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Romans: Distortions Then and Now

February 6, 2007

In the Romans 1 post I briefly mentioned Peter’s comment about the difficult passages in Paul’s letters. Before proceeding further into Romans, I want to explore the topic of Paul’s difficult passages more thoroughly. Peter, Paul, and James all give us insight into the ways that these teachings were being distorted in their day. Understanding what these passages did not mean can help us in understanding what they do mean.

In 2 Peter 3, Peter said:

2Pe 3:15-17 Bear in mind that our Lord’s patience means salvation, just as our dear brother Paul also wrote you with the wisdom that God gave him. He writes the same way in all his letters, speaking in them of these matters. His letters contain some things that are hard to understand, which ignorant and unstable people distort, as they do the other Scriptures, to their own destruction. Therefore, dear friends, since you already know this, be on your guard so that you may not be carried away by the error of lawless men and fall from your secure position. But grow in the grace and knowledge of our Lord and Savior Jesus Christ. To him be glory both now and forever! Amen.

Here Peter pointed out that portions of Paul’s letters are difficult to understand, and that some people were distorting those passages. Then Peter warned them not to be carried away by the error of lawless men. It seems that the distortions Peter mentioned were being taught by lawless (Gk athesmos) men. Thayer’s lexicon defines athesmos as one who breaks through the restraint of law and gratifies his lusts. In other words, people were twisting Paul’s writings, using them as a license to cast off restraints (rejecting all regulations against sin) so that they might sin without penalty. Peter warned us that drawing such conclusions from Paul’s letters puts our secure position in jeopardy.

Apparently those lawless men to whom he referred had already fallen from their secure position. They taught, based on a distortion of Paul’s teaching about grace, that Christians could sin with impunity. But according to Peter, acting on that teaching causes one to fall from his secure position. This conclusively eliminates arguments people make from Paul’s letters, attempting to prove that it is impossible to fall away from grace.

Paul also gave us insight into the prevalent distortions of his teachings:

Rom 3:7-8 Someone might argue, “If my falsehood enhances God’s truthfulness and so increases his glory, why am I still condemned as a sinner?” Why not say–as we are being slanderously reported as saying and as some claim that we say–“Let us do evil that good may result”? Their condemnation is deserved

Rom 6:1-2 What shall we say, then? Shall we go on sinning so that grace may increase? By no means! We died to sin; how can we live in it any longer?

Rom 6:15 What then? Shall we sin because we are not under law but under grace? By no means!

In these passages Paul refuted distortions of his teaching. In each of these, we see the pattern about which Peter warned. Each example shows the false teacher trying to cast off restraint so that they could sin without penalty. Paul made it clear that this was not sound teaching. How we live does matter. How can we who died to sin continue to live in it?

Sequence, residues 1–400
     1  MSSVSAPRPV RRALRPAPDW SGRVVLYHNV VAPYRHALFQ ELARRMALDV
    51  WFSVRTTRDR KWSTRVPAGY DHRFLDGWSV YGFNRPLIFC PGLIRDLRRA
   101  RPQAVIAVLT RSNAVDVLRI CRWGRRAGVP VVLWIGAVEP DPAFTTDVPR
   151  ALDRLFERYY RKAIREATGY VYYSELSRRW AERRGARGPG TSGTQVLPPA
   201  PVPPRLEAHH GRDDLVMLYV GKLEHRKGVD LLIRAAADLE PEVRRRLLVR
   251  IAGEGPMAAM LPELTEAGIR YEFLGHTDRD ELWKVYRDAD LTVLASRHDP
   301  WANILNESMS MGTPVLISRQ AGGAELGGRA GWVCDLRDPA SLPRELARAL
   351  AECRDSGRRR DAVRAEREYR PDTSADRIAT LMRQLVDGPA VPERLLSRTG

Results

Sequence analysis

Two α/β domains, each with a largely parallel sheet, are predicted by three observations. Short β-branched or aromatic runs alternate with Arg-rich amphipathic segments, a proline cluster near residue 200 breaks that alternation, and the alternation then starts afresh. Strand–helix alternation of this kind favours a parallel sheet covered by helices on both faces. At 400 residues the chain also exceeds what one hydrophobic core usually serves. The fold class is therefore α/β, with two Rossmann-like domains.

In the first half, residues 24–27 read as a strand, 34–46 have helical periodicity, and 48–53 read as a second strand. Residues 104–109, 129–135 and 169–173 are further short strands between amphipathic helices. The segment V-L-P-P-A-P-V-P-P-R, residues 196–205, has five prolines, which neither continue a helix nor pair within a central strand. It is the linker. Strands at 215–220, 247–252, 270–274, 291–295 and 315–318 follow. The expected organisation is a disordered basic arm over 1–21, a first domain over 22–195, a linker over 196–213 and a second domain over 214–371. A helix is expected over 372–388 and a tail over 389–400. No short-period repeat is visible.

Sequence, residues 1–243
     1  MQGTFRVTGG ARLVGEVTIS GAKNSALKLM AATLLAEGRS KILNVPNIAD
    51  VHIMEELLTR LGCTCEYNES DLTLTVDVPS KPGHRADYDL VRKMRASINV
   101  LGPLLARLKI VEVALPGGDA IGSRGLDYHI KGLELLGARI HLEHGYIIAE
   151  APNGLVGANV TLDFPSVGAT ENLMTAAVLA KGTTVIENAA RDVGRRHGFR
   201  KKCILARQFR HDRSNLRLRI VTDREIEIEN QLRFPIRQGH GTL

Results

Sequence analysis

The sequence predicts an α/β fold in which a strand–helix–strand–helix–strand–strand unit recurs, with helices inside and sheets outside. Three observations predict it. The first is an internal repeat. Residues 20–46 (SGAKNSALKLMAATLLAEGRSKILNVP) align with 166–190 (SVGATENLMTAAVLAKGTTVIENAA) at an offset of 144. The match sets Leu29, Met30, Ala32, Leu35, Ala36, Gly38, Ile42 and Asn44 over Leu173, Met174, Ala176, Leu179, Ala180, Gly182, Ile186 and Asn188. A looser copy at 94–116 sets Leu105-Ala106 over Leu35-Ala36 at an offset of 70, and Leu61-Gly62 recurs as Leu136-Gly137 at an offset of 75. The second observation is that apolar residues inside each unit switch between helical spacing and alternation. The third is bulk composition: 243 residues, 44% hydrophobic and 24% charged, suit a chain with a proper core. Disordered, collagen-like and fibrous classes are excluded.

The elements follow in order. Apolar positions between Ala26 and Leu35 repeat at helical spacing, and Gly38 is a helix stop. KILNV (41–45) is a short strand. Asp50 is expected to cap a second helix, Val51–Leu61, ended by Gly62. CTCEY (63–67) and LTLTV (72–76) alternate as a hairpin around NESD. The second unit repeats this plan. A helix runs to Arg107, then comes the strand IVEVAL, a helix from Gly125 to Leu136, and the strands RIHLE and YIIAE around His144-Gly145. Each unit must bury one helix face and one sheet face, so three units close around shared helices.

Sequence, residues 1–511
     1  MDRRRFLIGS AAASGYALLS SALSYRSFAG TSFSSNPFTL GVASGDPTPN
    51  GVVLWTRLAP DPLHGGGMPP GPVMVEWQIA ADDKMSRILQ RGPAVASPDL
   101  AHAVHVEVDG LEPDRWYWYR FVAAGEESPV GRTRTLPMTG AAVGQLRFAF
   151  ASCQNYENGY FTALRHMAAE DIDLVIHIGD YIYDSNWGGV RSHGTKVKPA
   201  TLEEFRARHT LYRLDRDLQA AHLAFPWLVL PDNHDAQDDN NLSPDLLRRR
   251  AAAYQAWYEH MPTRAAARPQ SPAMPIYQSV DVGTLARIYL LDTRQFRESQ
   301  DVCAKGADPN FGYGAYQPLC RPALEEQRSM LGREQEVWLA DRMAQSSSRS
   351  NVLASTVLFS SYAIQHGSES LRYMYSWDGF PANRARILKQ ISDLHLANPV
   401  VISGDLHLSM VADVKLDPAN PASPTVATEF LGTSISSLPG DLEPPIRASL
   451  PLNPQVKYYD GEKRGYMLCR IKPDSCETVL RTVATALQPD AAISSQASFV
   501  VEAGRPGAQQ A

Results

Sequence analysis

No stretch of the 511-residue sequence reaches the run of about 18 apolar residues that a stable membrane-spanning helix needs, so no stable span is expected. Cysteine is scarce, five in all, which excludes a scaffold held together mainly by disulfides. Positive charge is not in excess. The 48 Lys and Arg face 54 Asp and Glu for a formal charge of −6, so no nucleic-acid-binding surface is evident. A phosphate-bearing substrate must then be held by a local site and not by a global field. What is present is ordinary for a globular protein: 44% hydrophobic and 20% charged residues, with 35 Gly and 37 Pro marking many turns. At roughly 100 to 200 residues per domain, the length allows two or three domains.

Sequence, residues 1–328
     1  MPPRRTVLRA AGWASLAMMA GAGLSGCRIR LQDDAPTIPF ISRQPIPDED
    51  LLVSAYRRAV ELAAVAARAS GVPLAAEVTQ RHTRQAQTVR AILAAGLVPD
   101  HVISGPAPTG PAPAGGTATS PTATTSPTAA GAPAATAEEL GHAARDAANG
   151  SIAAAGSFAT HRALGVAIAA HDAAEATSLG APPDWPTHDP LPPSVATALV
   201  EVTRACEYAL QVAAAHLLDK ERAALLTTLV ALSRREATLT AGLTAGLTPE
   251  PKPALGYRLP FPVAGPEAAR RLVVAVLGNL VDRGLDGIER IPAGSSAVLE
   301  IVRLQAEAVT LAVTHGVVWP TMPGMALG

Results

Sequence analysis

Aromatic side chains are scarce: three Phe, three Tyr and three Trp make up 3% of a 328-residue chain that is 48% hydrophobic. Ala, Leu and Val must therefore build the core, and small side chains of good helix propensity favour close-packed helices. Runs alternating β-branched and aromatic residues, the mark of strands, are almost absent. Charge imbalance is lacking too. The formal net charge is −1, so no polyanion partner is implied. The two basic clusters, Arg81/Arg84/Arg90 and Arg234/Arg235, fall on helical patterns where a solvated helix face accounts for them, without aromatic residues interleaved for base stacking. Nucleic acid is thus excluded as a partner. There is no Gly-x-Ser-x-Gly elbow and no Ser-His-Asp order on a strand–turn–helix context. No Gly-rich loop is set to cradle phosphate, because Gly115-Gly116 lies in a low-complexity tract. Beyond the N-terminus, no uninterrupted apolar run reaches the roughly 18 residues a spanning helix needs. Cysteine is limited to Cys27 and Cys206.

James also addressed the issue of faith and obedience:

James 2:14-17 What good is it, my brothers, if a man claims to have faith but has no deeds? Can such faith save him? Suppose a brother or sister is without clothes and daily food. If one of you says to him, “Go, I wish you well; keep warm and well fed,” but does nothing about his physical needs, what good is it? In the same way, faith by itself, if it is not accompanied by action, is dead.

James 2:24 You see that a person is justified by what he does and not by faith alone.

Jas 2:26 As the body without the spirit is dead, so faith without deeds is dead.

While James did not mention Paul in this context, he certainly addressed one of the primary controversies that has been promoted by distorting Paul’s writings, a distortion that apparently was already prevalent at the time James penned these words. The controversy James addressed fits neatly into the class of distortions about which Peter warned — rejecting the need for obedience. It also parallels those distortions Paul identified–expecting grace without repentance from sin. James made it clear that faith alone does not justify us, and that faith without deeds is dead. Like Peter, James recognized this distortion of Paul’s teaching as a matter of spiritual life and death.

Note that in the introduction to Romans, Paul described his ministry as calling people “to the obedience that comes from faith.” His commission from God was not merely to call people to faith, but to obedience. Like James, Paul called people to the kind of faith that results in deeds that can be seen.

As we continue in the study of Romans, we must be careful not to be carried away by the error of lawless men. We must avoid conclusions that would absolve us from the responsibility to live a life worthy of the calling we have received. And we must avoid conclusions that would eliminate all consequences for not striving to live such a life. Those types of conclusions are distortions of Paul’s teaching.

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2 comments

  1. Alan,Thanks for pausing in your analysis of Romans to explore this important point. Much of pop-religion has taken Romans and its message to be something that it is not. Thank you for your effort and hard work in writing about the book of Romans. Sincerely, Phil


  2. […] John 17: 21a May they all be one, as You, Father, are in Me and I am in You. (HCSB) « Romans: Distortions Then and Now Romans: Another Sidebar » Romans Part 3: Righteousness by Faith (Only?) February […]



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